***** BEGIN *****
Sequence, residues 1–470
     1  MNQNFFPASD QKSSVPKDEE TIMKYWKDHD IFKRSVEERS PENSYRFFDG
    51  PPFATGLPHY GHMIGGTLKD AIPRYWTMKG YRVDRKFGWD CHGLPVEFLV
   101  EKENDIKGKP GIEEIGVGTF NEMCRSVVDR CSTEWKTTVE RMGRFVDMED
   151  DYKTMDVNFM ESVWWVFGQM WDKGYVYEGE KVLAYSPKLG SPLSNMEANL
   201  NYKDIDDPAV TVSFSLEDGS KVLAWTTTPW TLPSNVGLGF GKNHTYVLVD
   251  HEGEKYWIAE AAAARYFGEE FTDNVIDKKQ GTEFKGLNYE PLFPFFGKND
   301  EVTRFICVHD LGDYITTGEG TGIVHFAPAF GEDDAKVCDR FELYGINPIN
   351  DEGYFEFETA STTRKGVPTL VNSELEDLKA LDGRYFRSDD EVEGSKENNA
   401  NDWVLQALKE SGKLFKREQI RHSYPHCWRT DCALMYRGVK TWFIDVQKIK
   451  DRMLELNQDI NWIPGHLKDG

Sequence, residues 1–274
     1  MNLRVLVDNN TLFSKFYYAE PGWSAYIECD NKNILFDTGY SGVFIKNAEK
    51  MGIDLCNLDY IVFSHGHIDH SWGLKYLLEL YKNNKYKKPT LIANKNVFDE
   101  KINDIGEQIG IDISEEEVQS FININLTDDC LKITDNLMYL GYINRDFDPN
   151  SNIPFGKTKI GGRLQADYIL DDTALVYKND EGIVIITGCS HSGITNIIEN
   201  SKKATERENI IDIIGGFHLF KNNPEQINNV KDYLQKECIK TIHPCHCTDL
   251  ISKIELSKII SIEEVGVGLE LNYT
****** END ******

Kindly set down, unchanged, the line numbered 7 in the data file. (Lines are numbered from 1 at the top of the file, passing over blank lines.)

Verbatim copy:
   251  HEGEKYWIAE AAAARYFGEE FTDNVIDKKQ GTEFKGLNYE PLFPFFGKND